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Medicine LibreTexts

29.1B: Allergies

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    8322
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    An allergy is a hypersensitivity disorder of the immune system.

     

    LEARNING OBJECTIVES

     

    Evaluate the types and treatments of allergic reactions

     

    KEY TAKEAWAYS

    Key Points

     

    • Allergy is one of four forms of hypersensitivity and is formally called type I (or immediate) hypersensitivity.
    • Mild allergies like hay fever are very common in the human population and cause symptoms such as red eyes, itchiness, runny nose, eczema, hives, or an asthma attack.
    • Treatments for allergies include avoiding known allergens, use of medications such as anti-histamines that specifically prevent allergic reactions, steroids that modify the immune system in general, and medications such as decongestants that reduce the symptoms.

     

    Key Terms

     

    • anaphylaxis: A severe and rapid systemic allergic reaction to an allergen, causing a constriction of the trachea, preventing breathing; anaphylactic shock.
    • allergen: A substance which causes an allergic reaction.
    • patch test: A patch test is a method used to determine if a specific substance causes allergic inflammation of the skin.

    An allergy is a hypersensitivity disorder of the immune system. Allergic reactions occur when a person’s immune system reacts to normally harmless substances in the environment. A substance that causes a reaction is called an allergen. These reactions are acquired, predictable, and rapid. Allergy is one of four forms of hypersensitivity and is formally called type I (or immediate) hypersensitivity. Allergic reactions are distinctive because of excessive activation of certain white blood cells called mast cells and basophils by a type of antibody called Immunoglobulin E (IgE). This reaction results in an inflammatory response that can range from uncomfortable to dangerous.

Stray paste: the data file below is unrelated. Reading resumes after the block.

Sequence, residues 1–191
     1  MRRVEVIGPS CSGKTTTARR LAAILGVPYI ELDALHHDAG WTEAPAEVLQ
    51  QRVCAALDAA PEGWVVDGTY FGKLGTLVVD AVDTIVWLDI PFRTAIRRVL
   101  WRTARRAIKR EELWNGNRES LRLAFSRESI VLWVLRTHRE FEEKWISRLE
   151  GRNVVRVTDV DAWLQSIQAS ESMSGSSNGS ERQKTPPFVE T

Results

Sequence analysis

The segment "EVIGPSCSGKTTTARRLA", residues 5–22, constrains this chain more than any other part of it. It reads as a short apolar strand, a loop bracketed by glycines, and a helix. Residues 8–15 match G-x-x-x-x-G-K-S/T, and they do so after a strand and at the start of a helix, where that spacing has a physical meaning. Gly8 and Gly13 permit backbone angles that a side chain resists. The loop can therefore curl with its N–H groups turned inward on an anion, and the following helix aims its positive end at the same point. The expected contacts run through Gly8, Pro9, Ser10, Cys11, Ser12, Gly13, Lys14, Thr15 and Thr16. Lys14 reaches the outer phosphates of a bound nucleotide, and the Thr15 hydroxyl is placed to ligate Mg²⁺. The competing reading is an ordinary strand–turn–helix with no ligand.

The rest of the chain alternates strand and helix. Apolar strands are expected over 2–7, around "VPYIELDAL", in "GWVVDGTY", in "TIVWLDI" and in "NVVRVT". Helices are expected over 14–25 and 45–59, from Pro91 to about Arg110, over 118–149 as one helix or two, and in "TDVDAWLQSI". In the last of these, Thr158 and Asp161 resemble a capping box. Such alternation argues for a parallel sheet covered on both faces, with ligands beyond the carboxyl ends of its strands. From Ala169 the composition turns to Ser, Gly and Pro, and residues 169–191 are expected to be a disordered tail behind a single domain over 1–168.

Mild allergies like hay fever are very common in the human population and cause symptoms such as red eyes, itchiness, runny nose, eczema, and hives. Allergies can play a major role in conditions such as asthma. In some people, severe allergies to environmental or dietary allergens or to medication may result in life-threatening reactions called anaphylaxis. Food allergies and reactions to the venom of stinging insects such as wasps and bees are often associated with these severe reactions.

    Risk factors for allergy can be placed in two general categories: namely, host and environmental factors. Host factors include heredity, gender, race, and age, with heredity being by far the most significant. However, there have been recent increases in the incidence of allergic disorders that cannot be explained by genetic factors alone. Four major environmental candidates are alterations in exposure to infectious diseases during early childhood, environmental pollution, allergen levels, and dietary changes.

     

    Allergy Tests

     

    This image is of a young man receiving an allergy prick test. A blond-haired woman in a white lab coat sits on the right of the image. On her left is a young brown-haired man. His arm is out, and the woman, presumably a doctor, is pricking his skin with a tool. On the table in front of them is a tray of vials.

    Allergy Testing: A patient receiving a skin allergy test.

    A variety of tests exist to diagnose allergic conditions. Blood tests can be done to look for an allergen-specific IgE. Skin allergy testing is another method for medical diagnosis of allergies through the attempt to provoke a small, controlled, allergic response. A microscopic amount of an allergen (for example, tree pollen) is introduced to a patient’s skin by means of either a prick test, which employs a needle or pin to break the skin’s surface, or a patch test, where a patch containing the allergen is applied to the skin.

    If an immuno-response is seen, it can be concluded that the patient has a hypersensitivity (or allergy) to that allergen. A response can take the the form of a rash (urticaria, also known as hives), or, worse—anaphylaxis (a serious reaction that can result in death). Further testing can then be performed in order to identify the specific allergen.

    Allergy Treatments

    Treatments for allergies include avoiding known allergens, use of medications such as antihistamines that specifically prevent allergic reactions, steroids that modify the immune system in general, and medications such as decongestants that reduce the symptoms. Many of these medications are taken by mouth; however, epinephrine, which is used to treat anaphylactic reactions, is injected. Immunotherapy employs the injection of allergens in order to gradually desensitize the body’s response.